Facial asymmetry model of oral commissure. A, Symmetrical, unaltered image. B, One mm of right oral commissure depression. C, Two mm of right oral commissure depression. D, Three mm of right oral commissure depression.
Threshold (mm) for detection of oral commissure asymmetry using (A) 10-second and (B) 2-second observation intervals (n = 30).
Threshold (mm) for recommendation of reconstructive surgery for oral commissure asymmetry (n = 30).
Threshold (mm) for detection of brow asymmetry using (A) 10-second and (B) 2-second observation intervals (n = 30).
Threshold (mm) for recommendation of reconstructive surgery for brow asymmetry (n = 30).
Location that facial asymmetry was first detected in combined oral commissure and brow asymmetry model using (A) 10-second and (B) 2-second observation intervals (n = 30).
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Chu EA, Farrag TY, Ishii LE, Byrne PJ. Threshold of Visual Perception of Facial Asymmetry in a Facial Paralysis Model. Arch Facial Plast Surg. 2011;13(1):14–19. doi:10.1001/archfacial.2010.101
To determine the degree of facial asymmetry required to trigger conscious perception in the observer in a simulated model of facial paralysis.
A model of unilateral facial paralysis was created using the face of a participant without facial paralysis. Digital morphing software was used to create progressive asymmetry of the brow, oral commissure, and combined brow and oral commissure based on the typical sequelae seen in facial paralysis. Volunteers naive to the goals of the study repeatedly were shown a series of photographs of faces without facial paralysis, with the manipulated image interspersed within the series.
At least 3 mm of facial asymmetry of the oral commissure, brow, or both was required before participants detected the asymmetry. With longer display intervals, participants tended to detect a smaller degree of asymmetry.
To our knowledge, this is the first study directed at determining the amount of facial asymmetry required to trigger conscious perception of patients' facial paralysis in the naive observer. The pilot data and the discussion herein provide insight into the processes of visual perception of facial asymmetry and may be useful to surgeons for patient counseling and in setting surgical goals.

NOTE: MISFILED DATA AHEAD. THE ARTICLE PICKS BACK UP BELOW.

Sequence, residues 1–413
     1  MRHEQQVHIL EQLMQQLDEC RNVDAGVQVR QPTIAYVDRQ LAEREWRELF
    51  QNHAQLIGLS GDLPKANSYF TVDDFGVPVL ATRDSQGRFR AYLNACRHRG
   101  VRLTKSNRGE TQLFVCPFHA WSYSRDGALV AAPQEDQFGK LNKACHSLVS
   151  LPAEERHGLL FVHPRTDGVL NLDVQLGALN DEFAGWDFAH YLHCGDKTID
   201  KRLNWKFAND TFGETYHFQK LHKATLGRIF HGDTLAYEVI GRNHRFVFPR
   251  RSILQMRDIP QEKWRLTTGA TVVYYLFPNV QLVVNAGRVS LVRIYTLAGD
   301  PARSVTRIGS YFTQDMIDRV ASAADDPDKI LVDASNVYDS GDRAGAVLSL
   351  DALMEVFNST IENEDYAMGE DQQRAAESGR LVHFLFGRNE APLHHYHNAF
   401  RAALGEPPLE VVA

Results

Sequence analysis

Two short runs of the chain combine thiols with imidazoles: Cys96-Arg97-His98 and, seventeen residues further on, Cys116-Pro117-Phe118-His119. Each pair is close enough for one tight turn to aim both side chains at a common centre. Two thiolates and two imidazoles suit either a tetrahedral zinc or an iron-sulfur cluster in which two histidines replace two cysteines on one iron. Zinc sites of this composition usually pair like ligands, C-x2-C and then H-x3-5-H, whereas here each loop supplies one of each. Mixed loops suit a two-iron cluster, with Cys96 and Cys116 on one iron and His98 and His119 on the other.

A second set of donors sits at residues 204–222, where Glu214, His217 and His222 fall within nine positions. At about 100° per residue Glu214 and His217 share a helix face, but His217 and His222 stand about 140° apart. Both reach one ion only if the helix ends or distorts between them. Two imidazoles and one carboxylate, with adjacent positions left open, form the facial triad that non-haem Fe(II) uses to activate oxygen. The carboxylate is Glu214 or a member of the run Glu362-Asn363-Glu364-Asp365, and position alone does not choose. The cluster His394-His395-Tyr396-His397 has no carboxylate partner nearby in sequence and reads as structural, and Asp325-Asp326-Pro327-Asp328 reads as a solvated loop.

Facial paralysis is a potentially devastating injury with detrimental aesthetic, physiologic, and psychological effects. Unilateral facial paralysis results in facial asymmetry that can be present at rest and in motion. The flaccidly paralyzed side of the face may demonstrate absence of forehead rhytids, drooping of the eyebrows, ectropion, shallow melolabial folds, depression of the oral commissure (OC), and synkinesis. Potential functional complications include lagophthalmos with resultant exposure of the cornea that can result in keratitis, corneal ulceration, and eventual blindness.1 Oral incompetence may lead to speech deficits, drooling, and difficulties with feeding. Loss of the nasalis and dilator naris muscles, combined with the weight of the unsupported midface tissues, can result in nasal valve collapse and nasal obstruction.2 Additionally, the inability to effectively communicate emotions through facial expressions has been associated with decreased quality of life measures.3
Mild asymmetries occur in the normal growth and development of the face and body.4 In fact, certain asymmetrical dimensions have been accepted as traits of beauty.5 However, as the degree of facial asymmetry progresses, it begins to be perceived as disfigurement.6,7 It is generally agreed that surgery cannot completely restore an asymmetric and disfigured face; however, it can dramatically reduce the degree of asymmetry and provide an approximation of a symmetrical appearance.8